The right-wing U.K. Independence Party, which spearheaded the Brexit campaign, has sought to purge anti-Semites from its ranks.

The Austrian Freedom Party, whose candidate was narrowly defeated in the presidential election, is seeking to distance itself from its former Nazi past.

Throughout Europe, extreme right-wing and anti-Muslim political parties are on the ascendancy. All, except the Hungarian and Greek neo-Nazis, even support Israel but many of their rank and file are unreconstructed traditional anti-Semites.

The anticipated appointments in Trump’s administration combined with horrific examples of criminal behavior among immigrants (including gang rapes and murders) will undoubtedly polarize the situation and further strengthen populist forces in Europe. The bureaucrats who have arrogantly presided over the European Union have good reason to fear collapse of the entire EU structure.

In France and Germany, Shariah courts are bypassing the state legal system and polygamy and child marriage proliferate. To placate public outrage, many governments are now toughening their stance towards the migrants in efforts to stem the flow of their support toward the radical right-wing parties. Even Chancellor Merkel is proposing to ban bourkas.

Under such circumstances in which the anti-Israeli Left is in decline and most radical right-wing groups – other than in Hungary and Greece — are seeking to distance themselves from anti-Semitism and concentrating on the Islamic fundamentalist threat, it could be suggested that Jews have less grounds for concern.

However, in this utterly chaotic climate in which populism and instability reign supreme, historical precedents point to the scapegoating of Jews. The growing prejudice directed against Muslims and the efforts of the radical right-wing political parties to distance themselves from anti-Semitism will not lessen hatred for Jews, even if they try to conceal it.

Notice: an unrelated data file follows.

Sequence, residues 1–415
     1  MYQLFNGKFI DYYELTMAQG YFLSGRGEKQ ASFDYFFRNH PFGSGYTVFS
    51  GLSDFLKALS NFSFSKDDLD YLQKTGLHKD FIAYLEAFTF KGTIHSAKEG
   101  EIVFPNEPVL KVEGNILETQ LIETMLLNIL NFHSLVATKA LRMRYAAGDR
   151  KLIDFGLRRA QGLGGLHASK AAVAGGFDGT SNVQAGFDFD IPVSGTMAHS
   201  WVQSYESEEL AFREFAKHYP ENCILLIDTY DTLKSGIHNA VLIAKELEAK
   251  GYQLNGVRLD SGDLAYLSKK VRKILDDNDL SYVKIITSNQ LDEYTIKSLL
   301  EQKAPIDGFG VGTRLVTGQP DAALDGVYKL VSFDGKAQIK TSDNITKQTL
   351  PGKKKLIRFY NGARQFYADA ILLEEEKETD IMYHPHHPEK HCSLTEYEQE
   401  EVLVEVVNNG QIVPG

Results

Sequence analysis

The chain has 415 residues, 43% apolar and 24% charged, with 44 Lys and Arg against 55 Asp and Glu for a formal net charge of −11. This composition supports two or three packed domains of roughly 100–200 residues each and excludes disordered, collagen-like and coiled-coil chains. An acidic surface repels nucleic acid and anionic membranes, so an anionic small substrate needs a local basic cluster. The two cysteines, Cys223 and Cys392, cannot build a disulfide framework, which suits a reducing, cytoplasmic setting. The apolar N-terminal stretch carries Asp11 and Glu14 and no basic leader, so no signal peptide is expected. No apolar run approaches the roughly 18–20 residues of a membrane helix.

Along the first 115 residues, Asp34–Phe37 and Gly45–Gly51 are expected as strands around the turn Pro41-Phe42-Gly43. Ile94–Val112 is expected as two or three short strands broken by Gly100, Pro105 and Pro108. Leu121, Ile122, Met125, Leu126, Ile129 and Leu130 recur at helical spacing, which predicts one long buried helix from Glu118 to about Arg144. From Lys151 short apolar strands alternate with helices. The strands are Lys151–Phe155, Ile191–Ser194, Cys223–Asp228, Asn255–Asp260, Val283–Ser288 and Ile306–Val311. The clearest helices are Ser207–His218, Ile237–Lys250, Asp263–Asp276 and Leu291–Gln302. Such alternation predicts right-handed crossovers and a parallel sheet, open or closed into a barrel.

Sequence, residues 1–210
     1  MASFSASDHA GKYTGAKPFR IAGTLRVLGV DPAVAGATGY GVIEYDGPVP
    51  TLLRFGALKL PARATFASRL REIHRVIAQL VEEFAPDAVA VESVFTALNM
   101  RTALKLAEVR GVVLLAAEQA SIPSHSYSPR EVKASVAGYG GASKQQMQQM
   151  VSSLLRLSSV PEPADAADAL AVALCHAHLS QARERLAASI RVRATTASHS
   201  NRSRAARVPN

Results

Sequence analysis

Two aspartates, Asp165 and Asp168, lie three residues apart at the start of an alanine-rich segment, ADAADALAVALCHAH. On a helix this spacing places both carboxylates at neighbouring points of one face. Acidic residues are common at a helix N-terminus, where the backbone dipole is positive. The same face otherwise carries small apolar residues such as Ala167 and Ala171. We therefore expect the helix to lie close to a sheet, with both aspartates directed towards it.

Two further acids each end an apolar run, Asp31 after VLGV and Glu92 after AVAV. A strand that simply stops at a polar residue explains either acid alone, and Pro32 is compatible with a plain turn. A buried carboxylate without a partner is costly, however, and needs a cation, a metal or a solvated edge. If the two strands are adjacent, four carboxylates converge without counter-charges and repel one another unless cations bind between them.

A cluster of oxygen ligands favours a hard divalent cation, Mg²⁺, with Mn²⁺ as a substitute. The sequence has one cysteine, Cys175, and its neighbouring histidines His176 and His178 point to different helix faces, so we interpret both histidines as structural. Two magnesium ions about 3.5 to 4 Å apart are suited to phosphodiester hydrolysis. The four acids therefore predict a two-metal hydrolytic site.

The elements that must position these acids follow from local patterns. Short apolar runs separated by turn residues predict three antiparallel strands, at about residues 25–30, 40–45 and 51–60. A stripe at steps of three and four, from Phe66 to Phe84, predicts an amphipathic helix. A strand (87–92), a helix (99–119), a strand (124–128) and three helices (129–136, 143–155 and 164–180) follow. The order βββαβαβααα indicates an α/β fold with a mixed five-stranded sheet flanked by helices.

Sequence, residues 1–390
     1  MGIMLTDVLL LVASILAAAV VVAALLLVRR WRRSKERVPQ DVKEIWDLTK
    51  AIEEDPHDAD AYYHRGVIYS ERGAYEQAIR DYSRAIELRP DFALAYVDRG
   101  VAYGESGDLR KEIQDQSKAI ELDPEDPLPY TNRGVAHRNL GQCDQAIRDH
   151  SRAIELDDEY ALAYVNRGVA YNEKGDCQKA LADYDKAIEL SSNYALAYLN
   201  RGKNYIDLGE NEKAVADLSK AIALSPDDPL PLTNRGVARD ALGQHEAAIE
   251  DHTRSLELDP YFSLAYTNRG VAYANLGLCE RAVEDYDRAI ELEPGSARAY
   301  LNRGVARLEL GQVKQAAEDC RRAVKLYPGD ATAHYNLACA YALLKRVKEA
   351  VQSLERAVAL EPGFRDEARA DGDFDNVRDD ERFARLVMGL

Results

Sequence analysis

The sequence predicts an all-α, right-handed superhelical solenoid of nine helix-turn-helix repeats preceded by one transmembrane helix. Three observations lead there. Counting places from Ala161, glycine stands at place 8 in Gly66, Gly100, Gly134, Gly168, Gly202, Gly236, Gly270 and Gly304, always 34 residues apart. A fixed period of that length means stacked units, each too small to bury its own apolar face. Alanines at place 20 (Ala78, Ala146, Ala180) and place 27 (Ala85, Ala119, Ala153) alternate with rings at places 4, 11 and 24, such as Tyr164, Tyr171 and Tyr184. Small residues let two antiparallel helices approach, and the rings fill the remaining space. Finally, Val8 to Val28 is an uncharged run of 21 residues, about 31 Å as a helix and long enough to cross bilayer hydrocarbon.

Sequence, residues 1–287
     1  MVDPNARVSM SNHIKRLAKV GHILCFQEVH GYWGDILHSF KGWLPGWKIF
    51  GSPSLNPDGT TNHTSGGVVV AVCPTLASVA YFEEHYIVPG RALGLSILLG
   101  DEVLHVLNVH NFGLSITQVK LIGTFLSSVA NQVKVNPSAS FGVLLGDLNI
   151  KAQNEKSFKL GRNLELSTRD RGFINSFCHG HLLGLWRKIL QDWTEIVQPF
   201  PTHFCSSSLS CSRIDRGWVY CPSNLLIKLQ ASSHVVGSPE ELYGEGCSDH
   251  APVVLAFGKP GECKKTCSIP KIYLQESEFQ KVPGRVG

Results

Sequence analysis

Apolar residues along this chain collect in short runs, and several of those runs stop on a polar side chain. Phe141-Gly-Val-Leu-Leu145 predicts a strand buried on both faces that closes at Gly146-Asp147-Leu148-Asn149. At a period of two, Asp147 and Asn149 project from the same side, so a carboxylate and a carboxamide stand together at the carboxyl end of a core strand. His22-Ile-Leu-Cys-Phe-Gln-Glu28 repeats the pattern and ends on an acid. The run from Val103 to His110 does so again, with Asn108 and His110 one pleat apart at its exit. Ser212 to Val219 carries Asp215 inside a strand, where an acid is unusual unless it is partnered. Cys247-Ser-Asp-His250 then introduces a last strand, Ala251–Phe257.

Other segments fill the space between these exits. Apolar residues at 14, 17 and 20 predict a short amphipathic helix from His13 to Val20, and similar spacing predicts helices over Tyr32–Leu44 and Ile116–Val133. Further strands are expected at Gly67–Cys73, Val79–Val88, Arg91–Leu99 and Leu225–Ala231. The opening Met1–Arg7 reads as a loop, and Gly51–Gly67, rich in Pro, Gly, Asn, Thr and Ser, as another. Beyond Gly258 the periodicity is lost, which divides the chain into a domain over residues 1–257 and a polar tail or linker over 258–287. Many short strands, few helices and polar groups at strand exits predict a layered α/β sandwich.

Nor will it stem the growing anti-Semitism spearheaded by “progressives” and “liberals” who in the 1930s were the strongest opponents of anti-Semitism. Alas, the reality is that anti-Israelism, morphing into direct anti-Semitism, has now become indispensable to the political DNA of anyone purporting to be “progressive,” even including Jews.

Moreover, Muslims have far greater power in numbers which will enable them to intensify their anti-Semitism with their leftist allies.

The situation for Jews is therefore only likely to deteriorate. As it is, they live in societies where horrific terrorist attacks against their schools, synagogues, museums and supermarkets have necessitated military or armed guards to provide security. Jews in some areas avoid wearing kippot and feel obliged to adopt a low profile to avoid being assaulted; many children attend Jewish schools in record numbers not because of the Jewish education but because of the anti-Semitism they encounter in public schools; students at universities are under continuous attack.

Public opinion is in general more hostile to Jews than most governments which augurs ill for the future. There was one small ray of sunshine recently when the British government adopted a realistic definition of anti-Semitism that could well serve as a model for other countries to emulate. But this has to be balanced by the fact that, for the first time, the opposition Labour Party in the U.K. could be headed by shamelessly open anti-Semites.

There are probably in the vicinity of 1.4 million Jews in Europe. What sort of life as Jews can they expect for their children and grandchildren when they live under such conditions and all indicators suggest an increase in anti-Semitism? While many are likely to remain, their communities are likely to shrink dramatically.